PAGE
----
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Art of War

Sun Tzu on the

Allandale Online Publishing

Art of War

Sun Tzu on the

Translated from the Chinese By LIONEL GILES, M.A. (1910)

Published by Allandale Online Publishing 2 Park House, 21 St Leonards Rd, Leicester LE2 1WS, England Published 2000
The Classic Etexts Series is made up of manuscripts available in the Public Domain, all of which are out of copyright. The Series was originated to aid the distribution of these etexts in multiple formats and to highlight the benefits of PDF Ebooks. They are freely distributable with no payment required. Allandale Online Publishing ebooks are distributed on an ‘as is’ basis without warranty. While every precaution has been taken in the preparation of these products, neither the authors nor Allandale Online Publishing, shall have any liability to any person or entity with respect to any loss or damage caused by or alleged to be caused directly or indirectly by the instructions contained in this product. Any dispute arising between Allandale Online Publishing and the purchasing institution shall be construed under the laws of theUnited Kingdom.

ISBN 1-903328-03-9

I: Laying Plans Waging War Attack by Stratagem Tactical dispositions Energy Weak Points and Strong 1 5 8 12 15 19 25 30 33 40 46 56 59


VII: Maneuvering VIII: Variation in Tactics IX: X: XI:
The Army on the March Terrain The Nine Situations

XII: The Attack by .ire XIII: The Use of Spies

Sun Tzu on the Art of War I Laying Plans 1. to be taken into account in one’s deliberations. is governed by five constant factors. The Moral Law causes the people to be in complete accord with their ruler. Hence it is a subject of inquiry which can on no account be neglected. when seeking to determine the conditions obtaining in the field. (3) Earth. (4) The Commander. Sun Tzu said: The art of war is of vital importance to the State. These are: (1) The Moral Law. 5. Heaven signifies night and day. undismayed by any danger. (5) Method and discipline. a road either to safety or to ruin. 2. so that they will follow him regardless of their lives. (2) Heaven. times and seasons. then. 7. 3. 1 .6. 4. The art of war. It is a matter of life and death. cold and heat.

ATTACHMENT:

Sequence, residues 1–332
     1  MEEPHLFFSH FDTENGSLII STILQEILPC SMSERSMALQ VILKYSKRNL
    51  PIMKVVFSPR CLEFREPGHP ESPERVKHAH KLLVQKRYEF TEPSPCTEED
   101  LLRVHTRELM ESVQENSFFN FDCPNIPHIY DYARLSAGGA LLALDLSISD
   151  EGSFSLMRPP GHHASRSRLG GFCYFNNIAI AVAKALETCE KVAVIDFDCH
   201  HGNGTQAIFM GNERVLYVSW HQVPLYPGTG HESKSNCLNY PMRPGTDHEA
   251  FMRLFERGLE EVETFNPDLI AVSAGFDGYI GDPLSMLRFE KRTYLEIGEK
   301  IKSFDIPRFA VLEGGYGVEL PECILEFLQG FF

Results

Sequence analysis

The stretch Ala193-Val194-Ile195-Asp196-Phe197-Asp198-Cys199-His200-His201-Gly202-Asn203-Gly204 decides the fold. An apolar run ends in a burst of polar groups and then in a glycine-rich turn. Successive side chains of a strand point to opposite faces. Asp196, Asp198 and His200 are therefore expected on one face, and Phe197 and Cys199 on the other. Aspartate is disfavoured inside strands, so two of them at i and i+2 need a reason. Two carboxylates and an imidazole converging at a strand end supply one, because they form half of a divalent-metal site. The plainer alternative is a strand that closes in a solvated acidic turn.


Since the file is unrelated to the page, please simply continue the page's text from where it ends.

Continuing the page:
and the control of military expenditure. (1) Which of the two sovereigns is imbued with the Moral law? (2) Which of the two generals has most ability? (3) With whom lie the advantages derived from Heaven and Earth? (4) On which side is discipline most rigorously enforced? (5) Which army is stronger? 2 . great and small. sincerely. Earth comprises distances. danger and security. the maintenance of roads by which supplies may reach the army. the graduations of rank among the officers. 12. 9. These five heads should be familiar to every general: he who knows them will be victorious. 10. let them be made the basis of a comparison. in this wise:— 13. The Commander stands for the virtues of wisdom. the chances of life and death. in your deliberations.Sun Tzu on the Art of War 8. when seeking to determine the military conditions. benevolence. By method and discipline are to be understood the marshaling of the army in its proper subdivisions. open ground and narrow passes. he who knows them not will fail. Therefore. courage and strictness. 11.

we must make the enemy believe we are far away. will suffer defeat:—let such a one be dismissed! 16. While heading the profit of my counsel. 20. 17. avail yourself also of any helpful circumstances over and beyond the ordinary rules. 3 . All warfare is based on deception. we must seem inactive. when using our forces. we must seem unable. According as circumstances are favorable. will conquer: let such a one be retained in command! The general that hearkens not to my counsel nor acts upon it. 19. and crush him. 15. Feign disorder. Hold out baits to entice the enemy. Hence. we must make him believe we are near. when far away. when able to attack. The general that hearkens to my counsel and acts upon it. when we are near.Sun Tzu on the Art of War (6) On which side are officers and men more highly trained? (7) In which army is there the greater constancy both in reward and punishment? 14. 18. one should modify one’s plans. By means of these seven considerations I can forecast victory or defeat.

leading to victory. give him no rest. 4 . 24. If he is in superior strength. 22. evade him. be prepared for him. These military devices. must not be divulged beforehand. separate them.Sun Tzu on the Art of War 21. 26. If his forces are united. If he is taking his ease. Now the general who wins a battle makes many calculations in his temple ere the battle is fought. 25. Thus do many calculations lead to victory. seek to irritate him. appear where you are not expected. If your opponent is of choleric temper. and few calculations to defeat: how much more no calculation at all! It is by attention to this point that I can foresee who is likely to win or lose. Pretend to be weak. Attack him where he is unprepared. If he is secure at all points. 23. that he may grow arrogant. The general who loses a battle makes but few calculations beforehand.